“I think we have to spend some time taking our lumps, frankly, in reviewing how probation implemented the program,” Powers said. “It was very clear to me that it was not close to a best practice.”
Then he added that probation didn’t really have good policies in place to sort out which people were put on GPS and why. Plus there was the matter of losing track of around 80 offenders altogether.
He also outlined the agency’s failure to give probation officers adequate training to oversee the monitoring system.
Yet, although Powers did not present an encouraging picture, his transparency, forthrightness and thoroughness in facing up to the unwanted reality went a long way in giving the county a clear path to follow in order to greatly improve matters.
The LA Times’ Paige St. John takes a detailed look at the problems Powers presented and their implications. Here’s a clip:
By the end of this week, the probation department intends to reduce thousands of alerts created when offenders drive or ride through about 4,800 violation zones that blanket Los Angeles County, including every school and park. It will use software to calculate the speed of monitored offenders and ignore alerts created by those moving quickly.
The department ultimately intends to remove those default zones and establish prohibited areas unique to each offender, a goal set for this spring. Officials are also in the midst of creating a 12-person unit of deputies trained to use electronic monitoring. Some officers told The Times that they never were instructed how to use the system and were unaware that they could determine a felon’s past or current location.
Los Angeles County officials said they were also tackling equipment problems they have had with the GPS ankle monitors provided by vendor Sentinel Offender Services of Irvine. An internal audit in September found that one in four GPS devices used to track serious criminals was faulty. The vendor attributed many of those problems to poorly trained county deputies.
Supervisor Mike Antonovich, who is not a fan of GPS monitoring, noted during the meeting that Sentinel, the vender that provides LA County with its GPS devices, had failed to meet its contractual obligations, and that probation should seek a new vender.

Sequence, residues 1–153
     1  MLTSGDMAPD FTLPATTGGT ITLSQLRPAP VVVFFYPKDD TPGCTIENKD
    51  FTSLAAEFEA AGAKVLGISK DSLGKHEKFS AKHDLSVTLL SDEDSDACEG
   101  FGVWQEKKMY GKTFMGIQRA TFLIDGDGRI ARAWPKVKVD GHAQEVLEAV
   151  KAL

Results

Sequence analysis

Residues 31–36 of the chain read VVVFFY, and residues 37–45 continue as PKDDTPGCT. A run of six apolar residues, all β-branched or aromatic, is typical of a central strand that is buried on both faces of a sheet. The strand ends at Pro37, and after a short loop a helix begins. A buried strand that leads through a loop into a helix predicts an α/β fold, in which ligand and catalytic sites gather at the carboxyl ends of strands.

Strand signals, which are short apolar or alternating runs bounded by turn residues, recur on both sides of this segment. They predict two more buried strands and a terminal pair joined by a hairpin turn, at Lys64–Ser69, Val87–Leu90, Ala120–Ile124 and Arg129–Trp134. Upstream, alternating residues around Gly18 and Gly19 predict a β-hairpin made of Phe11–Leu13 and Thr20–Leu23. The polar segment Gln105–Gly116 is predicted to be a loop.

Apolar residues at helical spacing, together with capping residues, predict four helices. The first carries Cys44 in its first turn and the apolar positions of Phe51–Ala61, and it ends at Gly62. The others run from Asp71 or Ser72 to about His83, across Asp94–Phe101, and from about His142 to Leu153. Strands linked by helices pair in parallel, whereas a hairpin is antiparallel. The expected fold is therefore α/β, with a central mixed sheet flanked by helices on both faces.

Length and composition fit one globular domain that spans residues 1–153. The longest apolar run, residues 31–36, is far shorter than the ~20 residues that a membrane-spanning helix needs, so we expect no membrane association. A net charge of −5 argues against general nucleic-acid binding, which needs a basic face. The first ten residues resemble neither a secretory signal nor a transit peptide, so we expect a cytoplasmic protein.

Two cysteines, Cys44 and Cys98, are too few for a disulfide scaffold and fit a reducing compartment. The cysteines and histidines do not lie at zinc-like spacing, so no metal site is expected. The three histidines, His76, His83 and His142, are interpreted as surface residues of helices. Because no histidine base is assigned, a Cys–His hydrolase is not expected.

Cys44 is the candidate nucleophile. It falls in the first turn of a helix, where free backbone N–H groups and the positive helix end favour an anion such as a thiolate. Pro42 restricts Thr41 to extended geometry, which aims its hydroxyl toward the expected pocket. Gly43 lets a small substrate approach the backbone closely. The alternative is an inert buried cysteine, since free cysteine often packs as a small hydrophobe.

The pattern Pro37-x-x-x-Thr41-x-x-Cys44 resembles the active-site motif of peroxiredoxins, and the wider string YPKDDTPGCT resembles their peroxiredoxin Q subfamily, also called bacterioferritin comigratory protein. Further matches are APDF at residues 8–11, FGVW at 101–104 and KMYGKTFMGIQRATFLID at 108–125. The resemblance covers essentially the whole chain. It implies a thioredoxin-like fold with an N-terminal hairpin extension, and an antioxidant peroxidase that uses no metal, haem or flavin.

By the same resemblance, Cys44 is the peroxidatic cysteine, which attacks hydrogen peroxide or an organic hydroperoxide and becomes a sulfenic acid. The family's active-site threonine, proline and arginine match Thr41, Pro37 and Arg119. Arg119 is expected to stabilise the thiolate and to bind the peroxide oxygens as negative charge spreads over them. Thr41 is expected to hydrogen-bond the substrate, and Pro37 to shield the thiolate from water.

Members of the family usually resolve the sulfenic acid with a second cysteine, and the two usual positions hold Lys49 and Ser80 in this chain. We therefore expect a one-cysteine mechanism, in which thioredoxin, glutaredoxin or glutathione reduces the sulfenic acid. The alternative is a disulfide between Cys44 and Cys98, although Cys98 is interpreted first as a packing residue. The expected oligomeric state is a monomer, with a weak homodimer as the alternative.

“We shouldn’t be a partner in allowing this vender to continue to operated after their past record of failing to abide by the contract,” he said.
Last November, if you’ll remember, WitnessLA reported that the board was poised to approve a new contract with Irvine, California based Sentinel Offender Services. Nevermind that last summer, Orange County Probation had broken its contract with Sentinel after finding that the company had repeatedly been guilty of what amounted to gross incompetence.
And there were other red flags… (You can find the backstory here.)
YES, WE ARE SEEING SOME REAL JUSTICE REFORM, BUT THERE’S A LONG WAY TO GO
The so-called “tough on crime” era that came to full flower in the early to mid 1980s, resulted in the US having 25 percent of the world’s prisoners and only 5 percent of its population (to use the much quoted statistic).
In the last few years, as we have often mentioned here at WLA, the tide has slowly begun to turn.
Timothy P. Silard, a former prosecutor and the president of the Rosenberg Foundation, lays it out well in an essay for the Huffington Post. Here’s a clip.
For those of us who consider criminal justice reform to be one of the leading civil rights issues of our time, these are hopeful signs that we might be entering a new era. We are no longer turning a blind eye to the damage being done to our communities by an out-of-control criminal justice system, or ignoring the pervasive racial bias that undermines the very legitimacy of the system itself.
Racial disparities deeply persist in our justice system at all levels, from how we treat victims to whom we arrest and send to jails and prisons. Victims of violent crime are more likely to be Latino or African American, and nearly half of all homicide victims are Black men and boys. But the perception that our young men are dangerous, rather than vulnerable, is one that is reinforced daily by our justice system.
Nationally, 25 percent of those behind bars are there for drug offenses, and the racial disparities in drug enforcement are staggering. While African Americans use and sell drugs at lower rates than whites, they are are incarcerated for drug charges at 10 times the rate of whites.
More states, including California, must continue to shift from an “incarceration only” approach and toward the evidence-based programs and services that have been proven to actually reduce crime and racial injustice in the system, while also saving precious taxpayer dollars. For example, education and job-focused programs like San Francisco’s Back on Track program and New York’s Bard Prison Initiative have dramatically reduced re-offense rates to less than 10 percent, creating pathways to productive lives for the sons, daughters, fathers and mothers caught up in the criminal justice system, at a fraction of the cost of incarceration.